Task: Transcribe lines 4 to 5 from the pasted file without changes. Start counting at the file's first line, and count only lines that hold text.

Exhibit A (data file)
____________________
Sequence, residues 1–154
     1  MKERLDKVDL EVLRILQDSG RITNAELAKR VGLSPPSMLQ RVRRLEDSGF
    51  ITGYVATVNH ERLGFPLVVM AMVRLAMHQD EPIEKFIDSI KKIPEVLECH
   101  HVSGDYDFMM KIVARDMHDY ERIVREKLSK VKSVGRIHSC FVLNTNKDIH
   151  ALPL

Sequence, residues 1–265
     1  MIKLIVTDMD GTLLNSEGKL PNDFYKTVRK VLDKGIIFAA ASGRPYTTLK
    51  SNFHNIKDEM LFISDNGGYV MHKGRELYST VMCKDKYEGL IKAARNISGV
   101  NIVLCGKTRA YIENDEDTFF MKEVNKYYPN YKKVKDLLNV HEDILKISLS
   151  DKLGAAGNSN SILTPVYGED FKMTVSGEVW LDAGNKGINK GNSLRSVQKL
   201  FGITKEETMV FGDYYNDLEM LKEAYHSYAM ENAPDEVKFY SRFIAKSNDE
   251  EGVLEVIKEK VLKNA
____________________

   101  HVSGDYDFMM KIVARDMHDY ERIVREKLSK VKSVGRIHSC FVLNTNKDIH
   151  ALPL